Interest rates have been rising since August 2020, with the yield on the 10-year US Treasury bond having drifted 100 basis points (bps)1 higher over the past six months or so. But recent rate action has really caught the market’s attention, particularly the 10-year’s swift 30-basis point yield increase and the spillover into global equity markets.
Is this latest bout of “rate repricing” due to higher inflation expectations? Stronger economic growth? Treasury supply concerns? Investors “fighting the Federal Reserve (Fed)”? Or is it those pesky convexity2 hedgers? Let’s take a stab at making sense of it all.
Yields have risen for the right reasons – Rates have been adjusting to prospects for better growth and higher inflation for months now, reflecting an improving pandemic outlook and ample policy support. Rising inflation expectations are baked into wider spreads3 between Treasury yields and real (inflation-adjusted) yields, using 10-year Treasury Inflation-Protected Securities (TIPs)4 as a proxy. Orderly rate moves have historically been absorbed by risk markets, with equities climbing higher and credit spreads narrowing.
The recent rise in rates was different – With the latest spike in yields, real yields are rising not on expectations of increasing inflation but rather on the expectation that the Fed could hike its policy rate sooner than previously thought. FIGURE 1 shows an unusual inversion of the “breakeven” inflation curve, reflecting higher near-term inflation expectations relative to longer-term expectations that formed in February 2021. This is a concern because higher real yields could
snuff out the economic recovery, whereas higher inflation expectations lower real yields.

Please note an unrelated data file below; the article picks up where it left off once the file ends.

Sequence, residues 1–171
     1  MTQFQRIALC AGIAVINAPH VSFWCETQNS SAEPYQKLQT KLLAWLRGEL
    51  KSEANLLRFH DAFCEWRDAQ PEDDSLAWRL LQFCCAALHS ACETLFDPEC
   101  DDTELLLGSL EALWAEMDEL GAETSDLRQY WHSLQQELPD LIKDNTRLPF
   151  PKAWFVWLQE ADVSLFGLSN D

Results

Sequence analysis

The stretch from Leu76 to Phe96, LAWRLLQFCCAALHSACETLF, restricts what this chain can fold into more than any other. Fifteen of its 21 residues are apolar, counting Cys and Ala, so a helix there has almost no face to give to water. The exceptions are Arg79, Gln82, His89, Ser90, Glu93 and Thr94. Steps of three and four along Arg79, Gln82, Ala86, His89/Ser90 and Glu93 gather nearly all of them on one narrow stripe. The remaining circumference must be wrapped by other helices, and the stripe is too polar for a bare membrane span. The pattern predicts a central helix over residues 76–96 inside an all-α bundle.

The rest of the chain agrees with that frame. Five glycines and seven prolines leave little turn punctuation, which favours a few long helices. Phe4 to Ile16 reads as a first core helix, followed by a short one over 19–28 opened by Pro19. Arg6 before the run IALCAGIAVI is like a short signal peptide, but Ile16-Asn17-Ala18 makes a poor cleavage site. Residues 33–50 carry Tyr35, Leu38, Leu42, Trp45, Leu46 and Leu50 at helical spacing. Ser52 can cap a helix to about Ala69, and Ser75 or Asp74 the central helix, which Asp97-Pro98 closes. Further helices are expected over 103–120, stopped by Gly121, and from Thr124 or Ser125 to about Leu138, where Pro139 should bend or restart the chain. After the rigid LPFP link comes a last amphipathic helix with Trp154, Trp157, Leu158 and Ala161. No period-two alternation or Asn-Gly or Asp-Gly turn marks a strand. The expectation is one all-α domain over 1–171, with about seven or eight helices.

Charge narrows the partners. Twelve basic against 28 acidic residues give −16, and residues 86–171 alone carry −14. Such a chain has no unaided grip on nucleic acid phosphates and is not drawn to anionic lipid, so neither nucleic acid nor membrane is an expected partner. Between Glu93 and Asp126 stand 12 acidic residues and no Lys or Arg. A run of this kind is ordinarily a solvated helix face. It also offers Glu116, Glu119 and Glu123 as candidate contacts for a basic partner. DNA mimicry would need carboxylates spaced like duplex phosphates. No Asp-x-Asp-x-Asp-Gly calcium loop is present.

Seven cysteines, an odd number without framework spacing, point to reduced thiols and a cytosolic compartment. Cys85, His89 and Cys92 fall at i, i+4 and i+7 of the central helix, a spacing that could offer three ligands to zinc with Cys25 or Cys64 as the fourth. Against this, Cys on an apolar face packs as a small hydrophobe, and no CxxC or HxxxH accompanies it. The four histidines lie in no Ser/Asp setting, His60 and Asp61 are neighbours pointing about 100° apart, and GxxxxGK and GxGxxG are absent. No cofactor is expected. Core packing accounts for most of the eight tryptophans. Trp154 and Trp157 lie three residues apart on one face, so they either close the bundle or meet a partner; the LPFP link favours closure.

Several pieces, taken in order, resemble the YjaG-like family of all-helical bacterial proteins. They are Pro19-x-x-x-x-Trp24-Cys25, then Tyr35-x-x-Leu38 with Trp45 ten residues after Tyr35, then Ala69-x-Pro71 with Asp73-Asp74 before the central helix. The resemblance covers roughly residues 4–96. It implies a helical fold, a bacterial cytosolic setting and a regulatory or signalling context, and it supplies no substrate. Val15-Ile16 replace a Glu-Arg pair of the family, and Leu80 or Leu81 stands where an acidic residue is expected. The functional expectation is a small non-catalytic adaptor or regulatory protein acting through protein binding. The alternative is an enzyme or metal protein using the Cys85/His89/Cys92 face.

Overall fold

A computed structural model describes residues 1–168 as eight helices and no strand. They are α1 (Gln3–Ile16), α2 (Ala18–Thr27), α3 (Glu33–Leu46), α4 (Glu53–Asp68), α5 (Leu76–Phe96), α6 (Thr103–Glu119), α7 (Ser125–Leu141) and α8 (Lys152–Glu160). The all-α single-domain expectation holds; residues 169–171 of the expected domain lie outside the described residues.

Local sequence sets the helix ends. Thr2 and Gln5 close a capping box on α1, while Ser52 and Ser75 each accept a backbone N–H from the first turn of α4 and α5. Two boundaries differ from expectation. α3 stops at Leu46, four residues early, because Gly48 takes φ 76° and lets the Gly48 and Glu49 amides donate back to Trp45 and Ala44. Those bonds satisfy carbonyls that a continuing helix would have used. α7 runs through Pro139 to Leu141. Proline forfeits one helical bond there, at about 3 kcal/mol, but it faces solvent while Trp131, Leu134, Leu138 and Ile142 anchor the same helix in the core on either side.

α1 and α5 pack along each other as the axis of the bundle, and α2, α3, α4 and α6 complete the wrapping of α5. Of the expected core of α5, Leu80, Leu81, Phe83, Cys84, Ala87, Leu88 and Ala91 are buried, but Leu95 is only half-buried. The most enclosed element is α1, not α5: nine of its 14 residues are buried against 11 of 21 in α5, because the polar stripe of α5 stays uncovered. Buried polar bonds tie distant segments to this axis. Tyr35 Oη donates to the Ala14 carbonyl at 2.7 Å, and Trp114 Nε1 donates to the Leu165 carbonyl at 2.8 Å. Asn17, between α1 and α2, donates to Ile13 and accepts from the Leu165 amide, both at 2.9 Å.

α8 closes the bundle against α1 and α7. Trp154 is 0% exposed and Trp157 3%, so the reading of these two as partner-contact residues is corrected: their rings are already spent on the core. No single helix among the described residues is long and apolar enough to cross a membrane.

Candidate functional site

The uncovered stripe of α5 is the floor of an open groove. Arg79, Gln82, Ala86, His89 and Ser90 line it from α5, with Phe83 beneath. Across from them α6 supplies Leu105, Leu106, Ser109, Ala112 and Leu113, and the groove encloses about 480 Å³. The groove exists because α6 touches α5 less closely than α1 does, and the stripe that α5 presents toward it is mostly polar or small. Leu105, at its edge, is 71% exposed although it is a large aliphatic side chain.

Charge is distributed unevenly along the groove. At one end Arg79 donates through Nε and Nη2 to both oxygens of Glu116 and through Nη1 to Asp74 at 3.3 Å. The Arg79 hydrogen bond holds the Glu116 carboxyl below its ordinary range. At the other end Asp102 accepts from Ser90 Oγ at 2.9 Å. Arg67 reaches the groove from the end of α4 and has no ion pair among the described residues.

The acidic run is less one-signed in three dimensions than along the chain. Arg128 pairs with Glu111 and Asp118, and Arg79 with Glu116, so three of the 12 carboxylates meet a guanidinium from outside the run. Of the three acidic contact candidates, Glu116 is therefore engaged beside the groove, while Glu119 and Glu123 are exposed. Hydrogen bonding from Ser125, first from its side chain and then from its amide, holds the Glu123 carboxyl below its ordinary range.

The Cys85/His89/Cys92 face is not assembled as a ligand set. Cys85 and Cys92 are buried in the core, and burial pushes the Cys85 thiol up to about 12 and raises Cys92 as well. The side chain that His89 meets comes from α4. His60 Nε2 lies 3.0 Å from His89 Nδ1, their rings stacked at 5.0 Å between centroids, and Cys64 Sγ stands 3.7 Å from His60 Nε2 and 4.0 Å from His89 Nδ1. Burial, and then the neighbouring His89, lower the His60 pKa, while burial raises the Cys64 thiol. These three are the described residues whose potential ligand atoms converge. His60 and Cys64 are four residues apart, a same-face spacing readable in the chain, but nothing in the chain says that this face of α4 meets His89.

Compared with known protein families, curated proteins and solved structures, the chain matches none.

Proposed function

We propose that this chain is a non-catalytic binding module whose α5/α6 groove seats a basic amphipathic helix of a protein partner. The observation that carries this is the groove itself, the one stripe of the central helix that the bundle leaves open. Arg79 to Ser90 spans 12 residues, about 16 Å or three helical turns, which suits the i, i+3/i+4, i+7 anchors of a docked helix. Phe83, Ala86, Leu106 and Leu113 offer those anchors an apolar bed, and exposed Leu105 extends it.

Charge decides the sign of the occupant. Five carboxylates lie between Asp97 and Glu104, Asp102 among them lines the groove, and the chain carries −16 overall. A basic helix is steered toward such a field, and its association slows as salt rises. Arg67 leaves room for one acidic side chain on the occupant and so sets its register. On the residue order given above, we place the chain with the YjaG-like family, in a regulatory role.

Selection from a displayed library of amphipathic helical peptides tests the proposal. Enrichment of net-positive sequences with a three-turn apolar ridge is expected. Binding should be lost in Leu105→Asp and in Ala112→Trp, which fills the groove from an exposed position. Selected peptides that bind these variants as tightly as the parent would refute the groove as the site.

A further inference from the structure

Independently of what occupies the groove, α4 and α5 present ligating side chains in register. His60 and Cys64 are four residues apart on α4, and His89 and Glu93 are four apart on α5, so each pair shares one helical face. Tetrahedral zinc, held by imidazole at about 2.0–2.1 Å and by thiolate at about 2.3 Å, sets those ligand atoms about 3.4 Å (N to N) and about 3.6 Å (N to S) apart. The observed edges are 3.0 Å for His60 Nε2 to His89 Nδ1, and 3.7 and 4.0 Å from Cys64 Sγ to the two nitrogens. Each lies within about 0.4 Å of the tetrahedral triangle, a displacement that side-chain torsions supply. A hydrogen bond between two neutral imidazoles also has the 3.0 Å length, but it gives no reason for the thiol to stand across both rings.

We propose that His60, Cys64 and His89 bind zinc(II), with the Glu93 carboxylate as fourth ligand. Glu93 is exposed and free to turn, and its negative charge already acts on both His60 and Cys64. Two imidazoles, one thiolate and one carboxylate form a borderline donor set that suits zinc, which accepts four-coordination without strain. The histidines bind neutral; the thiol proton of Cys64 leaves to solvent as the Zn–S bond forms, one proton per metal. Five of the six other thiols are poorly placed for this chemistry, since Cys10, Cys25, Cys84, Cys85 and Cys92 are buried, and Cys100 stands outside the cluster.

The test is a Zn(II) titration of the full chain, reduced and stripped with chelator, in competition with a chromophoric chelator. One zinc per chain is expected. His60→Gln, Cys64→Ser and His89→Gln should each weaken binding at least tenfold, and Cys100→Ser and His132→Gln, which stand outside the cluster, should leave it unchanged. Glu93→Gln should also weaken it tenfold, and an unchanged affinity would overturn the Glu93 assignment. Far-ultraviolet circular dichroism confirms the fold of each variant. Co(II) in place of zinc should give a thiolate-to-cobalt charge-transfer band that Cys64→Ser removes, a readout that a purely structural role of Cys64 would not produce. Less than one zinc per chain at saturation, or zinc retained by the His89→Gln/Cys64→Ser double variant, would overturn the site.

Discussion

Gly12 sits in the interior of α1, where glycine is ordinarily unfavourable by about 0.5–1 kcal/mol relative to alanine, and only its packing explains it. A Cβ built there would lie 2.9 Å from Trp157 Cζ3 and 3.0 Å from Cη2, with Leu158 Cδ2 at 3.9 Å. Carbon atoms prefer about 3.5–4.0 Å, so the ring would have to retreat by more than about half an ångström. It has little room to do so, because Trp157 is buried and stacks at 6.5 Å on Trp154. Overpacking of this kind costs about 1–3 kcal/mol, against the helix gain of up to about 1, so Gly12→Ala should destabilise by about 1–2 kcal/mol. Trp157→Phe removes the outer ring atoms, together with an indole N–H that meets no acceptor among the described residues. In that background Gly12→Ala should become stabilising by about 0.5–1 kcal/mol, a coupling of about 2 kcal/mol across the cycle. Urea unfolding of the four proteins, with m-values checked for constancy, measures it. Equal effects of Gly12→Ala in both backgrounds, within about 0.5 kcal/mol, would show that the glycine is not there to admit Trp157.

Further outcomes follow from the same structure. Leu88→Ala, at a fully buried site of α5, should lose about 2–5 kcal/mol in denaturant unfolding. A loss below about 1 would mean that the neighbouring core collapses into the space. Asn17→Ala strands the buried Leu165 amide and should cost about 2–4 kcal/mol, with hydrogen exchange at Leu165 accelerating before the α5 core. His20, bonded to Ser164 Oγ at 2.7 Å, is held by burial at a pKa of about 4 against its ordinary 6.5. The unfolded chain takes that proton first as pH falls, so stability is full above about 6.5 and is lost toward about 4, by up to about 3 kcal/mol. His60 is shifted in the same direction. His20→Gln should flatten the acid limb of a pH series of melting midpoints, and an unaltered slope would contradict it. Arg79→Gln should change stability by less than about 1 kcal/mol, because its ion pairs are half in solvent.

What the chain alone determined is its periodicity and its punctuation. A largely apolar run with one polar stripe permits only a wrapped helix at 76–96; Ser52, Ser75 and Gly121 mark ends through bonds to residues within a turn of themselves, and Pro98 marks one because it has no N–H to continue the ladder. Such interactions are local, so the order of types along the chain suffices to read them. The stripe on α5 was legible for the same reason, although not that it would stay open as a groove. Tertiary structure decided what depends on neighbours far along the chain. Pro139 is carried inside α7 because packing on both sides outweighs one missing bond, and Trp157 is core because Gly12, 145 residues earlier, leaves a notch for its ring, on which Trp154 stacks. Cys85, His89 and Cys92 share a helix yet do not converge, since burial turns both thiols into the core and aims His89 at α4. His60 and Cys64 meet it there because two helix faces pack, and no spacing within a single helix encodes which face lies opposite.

The Fed’s playbook hasn’t changed – Even though the market has been “fighting the Fed” (i.e., challenging it to meet growing expectations of a sooner-than-anticipated rate hike), Fed Chairman Jerome Powell and other Fed officials reiterated that: 1) rate hikes will not be considered until there has been “substantial further improvement” in the economy; and 2) structural issues such as automation, globalization, and demographics have likely suppressed long-term inflation.
Brace for more “Fed fights” – There could be further yield increases going forward. With economies reopening, higher commodity prices, depressed inventories, supply-chain disruptions, and pockets of skilled-labor shortages, inflation scares could periodically roil the markets. Given that so many risk assets5 have fed off of the prevailing low-rate/high-liquidity regime, I think there are bound to be some drawdowns that cannot withstand higher rates.
10-year yields could go higher – I believe markets could continue to remain on “inflation watch,” which may induce greater rate volatility and higher 10-year yields. If real GDP is 3% and inflation is 2%, and the Fed’s asset purchases are worth -100 to -200bps, a 10-year yield of 2% to 3% is imaginable over the next six to 12 months. However, I think the Fed knows this and views it as a healthy mechanism for resetting growth and inflation expectations to more normal levels, while also wringing out some of the excess in asset prices. The Fed will probably continue to telegraph its rate-hike plans and could even extend its asset-purchase programs to help manage long-end rates lower.